Mogador – Haarlem (NL)

Haarlem’s only place that knows what it’s doing

  • opening times:
    Mo - Sa: 7 - 18, Su: 11 - 18
  • wifi:
    Yes
  • urls:
    FacebookWebsite
  • price check:
    Espresso: €2 / Flat White: €2,40
  • machine:
    La Marzocco Linea
  • coffees on offer:
    various single origins by Bocca
  • milk:
    Albert Heijn

One of the things I love the most about living in The Netherlands is that it’s so compact. In larger capitals you’re lucky if you can get into the next postcode in the same time that it takes you to get from Amsterdam to Haarlem. And even though Haarlem is often seen as a bit of sattelite town to the Dutch capital it is a perfectly beautiful little town in its own right that has a great buzz about it. Heading there for a little daytrip is obviously even more fun when you know you’re out to find great coffee, and that was exactly my mission.

A few weeks earlier I had received a really nice email by a Kiwi chap called Adam who had come across my blog and invited me to come check out the specialty coffee shop he was working at. “I’d love to show off my Flat White making skills to you,” he told me. A Kiwi making Flat Whites in Haarlem? I had to go.

The lovely outside overlooking the Botermarkt

The lovely outside overlooking the Botermarkt

As my little Google maps dot guided me through the buzzing main square and further off towards the aptly named Botermarkt (Butter market) I passed plenty of coffee places that looked like they were really keen to jump on the specialty coffee bandwagon but had somehow missed it by a few inches. On almost every table I saw giant glasses of Latte Macchiatos, probably flavoured with horrific things such as hazelnut or Amaretto. I was starting to get a bit concerned that Mogador would also be a bit of a disappointment and that maybe, Haarlem was just a quaint town with really bad coffee.

Yet, when I finally spotted the place on the far end of the busy market, set in a lovely corner store with stained glass windows, I knew my previous fear was (partially) ungrounded. Adam was behind the La Marzocco Linea, whipping up coffees for lots of waiting customers. When see saw me he immediately went: “ALEX! – more like eeeleeex – you made it!” “G’day mate”, I said. “How’s the coffee today?” “Busy busy busy,” he replied before putting down a Cappuccino on the counter and shouting: “Een Cappuccino alsjeblieft!”

The place was truly rammed at this hour and the lovely weather outside made sure that all seats and benches were taking up by coffee hungry locals and/or foreigners living in Haarlem, or tourists like me.

In terms of decoration the place looked a bit spartan save for a few photographs and a single racing bike on the wall. What is up with that, I wondered? This was definitely not the first time I’ve seen a single racing bike on the wall of a specialty coffee shop and it always somehow seems slightly random. Until you come to understand that hipsters love their racing bikes (they’re all the rage in Amsterdam) and then it all makes sense.

“Having a Flat White mate?” Adam called from behind the Espresso machine. Yep! Bring it!

Adam quickly prepared me a lovely coffee and while he was at it introduced me to Youssef, the owner of Mogador. I asked him what the local coffee scene was like, to which he said: “It’s practically non-existent. If you’re talking about specialty coffee anyway. But since we opened a few months ago things have started to change. It’s definitely no Amsterdam but it might get there some day.” I pointed at a Chemex and V60 that were sort of hidden at the end of the bar and asked him if anyone ever ordered slow coffee. “Hardly ever. People here love their Latte Macchiatos, haha.”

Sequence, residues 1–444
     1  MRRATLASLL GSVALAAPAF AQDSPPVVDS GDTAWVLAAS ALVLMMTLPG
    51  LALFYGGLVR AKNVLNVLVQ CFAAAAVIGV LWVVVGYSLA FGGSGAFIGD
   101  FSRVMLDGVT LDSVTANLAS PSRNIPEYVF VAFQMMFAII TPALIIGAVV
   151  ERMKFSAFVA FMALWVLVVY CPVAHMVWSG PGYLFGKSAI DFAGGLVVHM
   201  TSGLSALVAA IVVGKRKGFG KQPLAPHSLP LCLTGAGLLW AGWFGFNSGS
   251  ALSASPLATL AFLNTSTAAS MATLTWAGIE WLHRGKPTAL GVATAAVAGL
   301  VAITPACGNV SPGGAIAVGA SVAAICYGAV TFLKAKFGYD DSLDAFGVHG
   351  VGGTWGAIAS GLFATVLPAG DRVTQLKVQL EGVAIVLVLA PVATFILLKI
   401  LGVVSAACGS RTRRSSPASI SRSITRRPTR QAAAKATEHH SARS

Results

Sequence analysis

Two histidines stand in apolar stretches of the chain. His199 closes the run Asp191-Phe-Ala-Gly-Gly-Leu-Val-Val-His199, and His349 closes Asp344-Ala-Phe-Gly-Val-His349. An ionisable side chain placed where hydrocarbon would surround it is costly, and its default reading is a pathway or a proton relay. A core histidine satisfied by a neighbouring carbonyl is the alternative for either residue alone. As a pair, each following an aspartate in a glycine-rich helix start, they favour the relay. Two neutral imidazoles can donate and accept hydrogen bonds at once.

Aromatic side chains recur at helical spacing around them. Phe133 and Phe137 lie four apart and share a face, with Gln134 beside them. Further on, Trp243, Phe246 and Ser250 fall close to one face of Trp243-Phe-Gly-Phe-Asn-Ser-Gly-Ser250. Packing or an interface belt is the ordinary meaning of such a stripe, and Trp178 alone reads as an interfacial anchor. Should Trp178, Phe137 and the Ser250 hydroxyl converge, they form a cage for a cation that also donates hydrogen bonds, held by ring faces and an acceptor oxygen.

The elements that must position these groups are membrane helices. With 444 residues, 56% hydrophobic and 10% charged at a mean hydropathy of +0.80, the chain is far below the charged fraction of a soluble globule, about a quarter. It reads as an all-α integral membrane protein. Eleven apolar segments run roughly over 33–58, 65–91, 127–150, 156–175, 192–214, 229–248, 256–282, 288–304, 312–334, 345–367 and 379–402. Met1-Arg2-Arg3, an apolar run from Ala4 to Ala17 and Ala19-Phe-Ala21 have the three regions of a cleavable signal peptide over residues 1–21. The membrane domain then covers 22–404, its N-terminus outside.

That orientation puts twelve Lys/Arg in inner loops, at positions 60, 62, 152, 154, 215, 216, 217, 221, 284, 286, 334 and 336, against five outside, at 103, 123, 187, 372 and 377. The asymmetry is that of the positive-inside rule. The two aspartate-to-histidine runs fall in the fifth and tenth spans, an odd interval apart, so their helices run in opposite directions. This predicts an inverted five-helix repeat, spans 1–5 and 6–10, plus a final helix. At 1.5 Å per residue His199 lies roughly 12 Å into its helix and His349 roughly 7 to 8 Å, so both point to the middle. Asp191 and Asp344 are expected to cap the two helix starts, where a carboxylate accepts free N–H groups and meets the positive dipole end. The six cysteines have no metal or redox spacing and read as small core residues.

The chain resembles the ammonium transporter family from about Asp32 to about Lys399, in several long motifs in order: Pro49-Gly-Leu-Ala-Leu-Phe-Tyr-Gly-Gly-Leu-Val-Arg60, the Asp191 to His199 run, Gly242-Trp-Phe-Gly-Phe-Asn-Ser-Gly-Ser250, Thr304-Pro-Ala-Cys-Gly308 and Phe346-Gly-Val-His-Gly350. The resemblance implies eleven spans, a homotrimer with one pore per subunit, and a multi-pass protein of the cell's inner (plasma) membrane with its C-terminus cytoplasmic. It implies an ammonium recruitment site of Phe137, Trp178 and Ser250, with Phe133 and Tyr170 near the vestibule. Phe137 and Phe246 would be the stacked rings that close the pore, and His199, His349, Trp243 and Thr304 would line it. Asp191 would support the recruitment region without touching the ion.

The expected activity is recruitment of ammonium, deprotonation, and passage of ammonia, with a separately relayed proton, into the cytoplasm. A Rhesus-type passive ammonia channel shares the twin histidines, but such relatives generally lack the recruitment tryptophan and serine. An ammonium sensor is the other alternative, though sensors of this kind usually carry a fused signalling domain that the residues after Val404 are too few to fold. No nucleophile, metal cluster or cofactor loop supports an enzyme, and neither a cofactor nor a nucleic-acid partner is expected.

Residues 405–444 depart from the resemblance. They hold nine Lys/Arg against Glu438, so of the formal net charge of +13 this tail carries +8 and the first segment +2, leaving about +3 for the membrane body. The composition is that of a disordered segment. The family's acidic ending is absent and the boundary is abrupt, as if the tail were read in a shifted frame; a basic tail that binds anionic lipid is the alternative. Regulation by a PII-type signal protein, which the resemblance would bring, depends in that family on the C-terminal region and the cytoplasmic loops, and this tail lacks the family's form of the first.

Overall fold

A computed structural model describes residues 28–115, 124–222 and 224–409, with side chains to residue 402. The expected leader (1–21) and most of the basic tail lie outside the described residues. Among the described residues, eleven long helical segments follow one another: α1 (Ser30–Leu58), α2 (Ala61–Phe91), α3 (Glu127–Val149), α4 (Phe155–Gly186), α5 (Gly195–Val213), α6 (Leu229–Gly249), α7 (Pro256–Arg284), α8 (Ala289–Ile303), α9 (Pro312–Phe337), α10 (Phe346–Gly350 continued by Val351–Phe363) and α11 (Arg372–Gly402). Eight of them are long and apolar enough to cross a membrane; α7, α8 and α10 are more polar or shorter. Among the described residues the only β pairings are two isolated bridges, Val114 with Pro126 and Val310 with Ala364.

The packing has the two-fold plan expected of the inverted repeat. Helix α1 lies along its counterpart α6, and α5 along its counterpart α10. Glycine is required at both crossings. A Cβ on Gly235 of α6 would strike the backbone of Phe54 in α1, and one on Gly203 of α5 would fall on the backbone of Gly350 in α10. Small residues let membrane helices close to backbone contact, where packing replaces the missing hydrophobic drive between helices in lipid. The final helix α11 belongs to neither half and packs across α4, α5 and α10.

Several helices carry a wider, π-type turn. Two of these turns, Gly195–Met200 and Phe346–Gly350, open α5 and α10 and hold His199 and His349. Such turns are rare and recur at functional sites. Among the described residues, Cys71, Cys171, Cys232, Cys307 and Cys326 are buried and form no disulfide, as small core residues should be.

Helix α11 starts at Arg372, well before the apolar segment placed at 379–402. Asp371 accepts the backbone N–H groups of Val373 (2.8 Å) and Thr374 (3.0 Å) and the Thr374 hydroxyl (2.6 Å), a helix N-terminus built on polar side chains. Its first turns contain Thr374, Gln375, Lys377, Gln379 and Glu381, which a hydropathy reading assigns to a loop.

A pretty damn good Flat White made with Kiwi skills

A pretty damn good Flat White made with Kiwi skills

The Kiwi who followed his Dutch girlfriend back to Holland a few months ago said to me: “You know if you don’t have any competition, you have no reason to step up your game. That’s why in New Zealand and Australia there are so many incredible coffee places. People know that if they start to slack, customers will just go somewhere else. Now that we’re here, I think people are starting to notice the difference. They still want their Latte Macchiatos but at least they’re getting really good ones.”

Mogador chose to team up with Bocca because Youssef felt like they are they only coffee roasters who are taking coffee seriously. On the grinder you’ll find their Sidamo and regularly changing single origins based on what Adam and Youssef feel like treating their customers to. I do wonder how many people actually know what they’re drinking and whether they have ever asked Adam or Youssef to tell them more about the coffee. My suspicion is: probably not. It’s funny how a city that is literally a stone’s throw away from Amsterdam’s dazzling third wave movement, still seems to be in tiny baby shoes when it comes to putting great coffee on the map. “We have a lot of housewives here mate. Gives you an idea,” Adam told me with a wink.

While there’s still plenty to do to help Haarlem’s nacent coffee scene onto its feet, Mogador is already looking to expand elsewhere. In a few weeks they’re opening their first store in Amsterdam’s Magna Plaza. “It’s going to be a tough but interesting venture. I’m really looking forward to it,” Youssef told me as I got ready to head out and enjoy a bit more of Holland’s Wisteria Lane.

Adam and Youssef

Adam and Youssef

Stained glass windows and lots of wood

Stained glass windows and lots of wood

The long bar where Adam works his magic

The long bar where Adam works his magic

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